Director: Camille de Galbert
United States, 2018, 8 min
WINNER: Spirit Award
Cast:Charlotte Grey, Mary Looram, Erikka Walsh
Crew:Executive Producer: Thibaut Estellon - Editor: Camille de Galbert - Producers: Jonathan Figuroa, Luigi Rossi, Ross o’Connor - Associate Producer: Emma Blackman - Assistant Editor: Emma Blackman - Cinematographer/DP: Michael Belcher - Production Designers: Emmeline Wilks-Dupoise, Naomi Munro - Sound Editor: Rex Recker
Email:margot AT lhfny.com
Set on a cobblestone street bathed in moonlight, a young girl leads her grandmother towards her final journey. They stop at a claw bathtub resting on the road, its pipes connecting to a dusty wooden piano that fills the tub with an opaque liquid - organic almost. The girl tends to both her grandmother’s mind and body while voice-over narration reflects on the raw feelings of loss and despair that arise when life starts to fade, plunging us into a series of cherished childhood memories. These visceral memories amass and bring her late mother back to perform a final song in the thick summer fog, giving the little girl closure with her mom and the courage to now let go of her grandmother. Rosie Rose intimately questions the unfathomable strength of maternal love and its ability to be recycled from one generation to the next.
About the director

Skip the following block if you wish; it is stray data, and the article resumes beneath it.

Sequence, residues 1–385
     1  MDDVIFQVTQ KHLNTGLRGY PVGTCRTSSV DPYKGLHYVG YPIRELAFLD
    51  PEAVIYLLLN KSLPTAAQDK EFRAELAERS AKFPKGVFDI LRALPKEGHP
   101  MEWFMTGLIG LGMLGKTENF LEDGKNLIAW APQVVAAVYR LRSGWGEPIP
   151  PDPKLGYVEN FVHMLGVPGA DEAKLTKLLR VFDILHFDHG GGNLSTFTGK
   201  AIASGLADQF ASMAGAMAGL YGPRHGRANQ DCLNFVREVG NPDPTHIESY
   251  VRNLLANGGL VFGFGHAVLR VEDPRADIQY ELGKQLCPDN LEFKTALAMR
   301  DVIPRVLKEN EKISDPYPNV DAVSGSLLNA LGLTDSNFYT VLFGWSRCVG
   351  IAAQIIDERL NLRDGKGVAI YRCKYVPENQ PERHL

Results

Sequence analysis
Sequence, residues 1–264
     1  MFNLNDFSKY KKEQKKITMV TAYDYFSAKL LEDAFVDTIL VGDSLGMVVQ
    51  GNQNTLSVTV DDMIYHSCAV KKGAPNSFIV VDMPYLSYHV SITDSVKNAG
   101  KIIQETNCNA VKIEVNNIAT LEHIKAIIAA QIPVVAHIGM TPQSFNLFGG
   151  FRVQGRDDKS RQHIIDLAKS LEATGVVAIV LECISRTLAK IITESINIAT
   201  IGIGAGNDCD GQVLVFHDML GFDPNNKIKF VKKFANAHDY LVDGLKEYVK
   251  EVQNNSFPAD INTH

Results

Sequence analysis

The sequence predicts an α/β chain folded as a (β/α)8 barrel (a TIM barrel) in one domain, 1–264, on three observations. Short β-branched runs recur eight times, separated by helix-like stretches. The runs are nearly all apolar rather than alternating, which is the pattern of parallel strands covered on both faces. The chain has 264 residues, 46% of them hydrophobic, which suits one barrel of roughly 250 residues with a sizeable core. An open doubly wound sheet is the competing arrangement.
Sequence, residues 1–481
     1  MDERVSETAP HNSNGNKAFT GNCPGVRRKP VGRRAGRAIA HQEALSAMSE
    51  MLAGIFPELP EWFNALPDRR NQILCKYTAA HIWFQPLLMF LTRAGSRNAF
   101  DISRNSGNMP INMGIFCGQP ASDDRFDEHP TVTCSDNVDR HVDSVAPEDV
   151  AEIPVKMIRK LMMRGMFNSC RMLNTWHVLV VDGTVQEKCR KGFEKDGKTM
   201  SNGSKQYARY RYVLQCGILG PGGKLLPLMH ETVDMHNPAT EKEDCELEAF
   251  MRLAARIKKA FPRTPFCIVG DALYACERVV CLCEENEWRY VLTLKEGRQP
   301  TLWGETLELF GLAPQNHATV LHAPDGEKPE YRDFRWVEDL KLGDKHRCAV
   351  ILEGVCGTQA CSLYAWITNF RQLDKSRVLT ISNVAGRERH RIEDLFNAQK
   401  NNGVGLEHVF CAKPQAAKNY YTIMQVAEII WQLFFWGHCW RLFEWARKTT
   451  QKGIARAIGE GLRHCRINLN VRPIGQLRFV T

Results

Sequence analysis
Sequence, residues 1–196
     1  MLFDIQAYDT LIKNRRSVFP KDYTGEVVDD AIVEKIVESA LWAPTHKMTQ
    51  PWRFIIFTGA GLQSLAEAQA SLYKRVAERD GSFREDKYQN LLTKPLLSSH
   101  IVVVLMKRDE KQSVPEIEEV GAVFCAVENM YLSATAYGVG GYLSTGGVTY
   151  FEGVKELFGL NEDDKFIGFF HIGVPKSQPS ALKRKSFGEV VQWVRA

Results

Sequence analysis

Camille de Galbert is a graduate of the Conservatoire National de Région de Grenoble, France, in contemporary dance (2000). She continued her dance training in New York at The Merce Cunningham Studio. As a result of a knee injury, she renounced a dance career and turned her artistic attention to drawing and video projects as a self-taught artist. She then applied her interests to cinema and moving image techniques at the NY Film Academy. Camille de Galbert's art is at the crossroad of multiple disciplines. Her works on paper are direct and objective extensions of her life; they are not comments, observations, or judgments; they are remnants of the archeology of her past and spirit. While her videos offer ethereal ideas of her spirit, these works on paper offer material testimonies of her actions. In these pieces, her creative intention finds its form in an object with weight, a time, and a place. Through the years Camille's craft has grown to blend moving images into a choreography of light, music, and words. She carries-out experimental videos impregnated with the unconscious, the oneiric, her journey as a dancer, as well as her life in the United States, where movements, expressions, sounds, shapes, and faces collide.